It's important to consider that the dosage consumed, as well as the individual's mindset, intention, and expectations (set) along with the physical and social environment (setting), can also influence the subjective effects of psychedelic drugs.

Understanding the molecular and pharmacological differences between these two classes of psychedelics can provide valuable insights for those interested in exploring their effects and potential benefits.

The Origin of the Term “Psychedelic”

The origin of the term “psychedelic” can be traced back to a fascinating correspondence in 1956 between Aldous Huxley, the renowned English writer and philosopher, and Dr. Humphry Osmond, an English psychiatrist and researcher. It was through Osmond that Huxley first encountered the psychedelic substance mescaline.

In a letter to Osmond, Huxley proposed a term called “phanerothyme,” derived from the Greek words “phanein” meaning “to reveal” and "thymos" meaning “soul.” To emphasize its potential, Huxley even included a catchy rhyme: “To make this mundane world sublime, Take half a gram of phanerothyme.”

However, Osmond felt that "phanerothyme" wasn't quite the right fit and offered an alternative suggestion: "psychedelic." This term derived from the Greek words “psyche” meaning “mind” or “soul,” and “delos” meaning "to manifest." Osmond responded with his own memorable rhyme: “To fathom Hell or soar angelic, Just take a pinch of psychedelic.”

The term “psychedelic” gained favor and was officially introduced by Osmond during a meeting of the New York Academy of Sciences in 1957, solidifying its place in the lexicon of mind-altering substances.

Beyond the Classic Psychedelics: The Ambiguity of Definition

The definition of psychedelics can be somewhat ambiguous, as there are substances that elicit similar effects to traditional psychedelics despite not doing so by binding to the 5-HT2A receptor. These substances are still thought of as psychedelics by some due to their ability to induce psychedelic-like experiences.

Among these compounds are “entactogens” like MDMA and 2C-B, which promote feelings of empathy and foster prosocial behavior. There are also dissociative anesthetics such as ketamine, PCP, DXM, and nitrous oxide, which produce altered states of consciousness and a sense of detachment from the environment.

Additionally, Salvinorin-A, a compound found in the leaves of Salvia divinorum, and ibogaine, a complex alkaloid derived from the root bark of the African shrub Tabernanthe iboga, are also widely recognized as psychedelics.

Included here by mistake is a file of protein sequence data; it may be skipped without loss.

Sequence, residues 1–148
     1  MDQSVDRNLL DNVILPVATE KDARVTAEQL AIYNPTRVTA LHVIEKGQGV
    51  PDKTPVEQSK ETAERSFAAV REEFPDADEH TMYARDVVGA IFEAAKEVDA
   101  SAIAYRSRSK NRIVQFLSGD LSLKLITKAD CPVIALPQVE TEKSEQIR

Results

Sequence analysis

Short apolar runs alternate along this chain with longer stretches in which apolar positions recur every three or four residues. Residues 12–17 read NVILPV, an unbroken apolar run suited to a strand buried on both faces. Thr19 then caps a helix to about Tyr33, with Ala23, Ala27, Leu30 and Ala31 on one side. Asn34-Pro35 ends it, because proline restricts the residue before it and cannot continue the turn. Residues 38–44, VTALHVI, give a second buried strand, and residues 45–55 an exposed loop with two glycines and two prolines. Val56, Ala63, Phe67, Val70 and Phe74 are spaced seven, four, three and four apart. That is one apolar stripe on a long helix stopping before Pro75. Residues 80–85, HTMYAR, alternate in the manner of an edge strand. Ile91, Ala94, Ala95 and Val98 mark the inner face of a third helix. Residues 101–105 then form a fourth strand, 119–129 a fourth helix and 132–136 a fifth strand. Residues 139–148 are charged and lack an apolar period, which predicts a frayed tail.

While these substances differ in their mode of action, they share the ability to induce profound psychological effects, leading many to consider them within the realm of psychedelics.

Definitional Challenges and Perspectives

In an attempt to establish clear boundaries for what qualifies as a psychedelic, a recent paper titled “Proposed Consensus Statement on Defining Psychedelic Drugs,” suggests that only drugs interacting with the 5-HT2A receptor should be classified as psychedelics. This definition encompasses the well-known classic psychedelics, as well as MDMA and ketamine, which also exhibit some affinity for the 5-HT2A receptor.

While defining a drug class based solely on its brain effects may facilitate research categorization, some commentators and psychedelic researchers argue that the term “psychedelic” is too intricate to be captured by simple definitions. The mechanistic definition proposed by the authors may overlook the complex and experiential nature inherent in psychedelics.

For instance, this proposed definition may not fully encompass substances that many consider psychedelic in their effects, such as salvinorin A, a substance that produced psychedelic effects by activating the kappa opioid receptor. In a thought-provoking article for Psychedelic Press, writer Robert Dickens reminds us that Dr. Osmond never intended the psychedelic class of compounds to be defined solely based on pharmacological action. Instead, he emphasized that the term should describe the unique quality of psychedelic experiences.

The nature of a psychedelic experience is highly personal, influenced by cultural factors, and heavily reliant on contextual circumstances. The nuanced complexity associated with the term “psychedelic” presents challenges in its precise definition.

Some argue that the term “psychedelic” encompasses the multifaceted and diverse range of experiences associated with certain substances, even those that are not 5-HT2A agonists. According to Dickens, while pharmacological action may indicate psychedelic effects, a true understanding of these effects might only be attained through direct, personal experience.

Exploring the Definition of Psychedelics: A Complex and Evolving Debate

In conclusion, the definition of psychedelics remains a subject of ongoing debate. While some scientists propose a mechanistic definition based on the interaction with the 5-HT2A receptor, others argue that the term “psychedelic” encompasses a broader range of experiential and cultural factors.

The complex and personal nature of psychedelic experiences makes it challenging to establish a universally accepted definition solely based on pharmacological action. Further research and exploration are needed to gain a deeper understanding of these substances and their effects.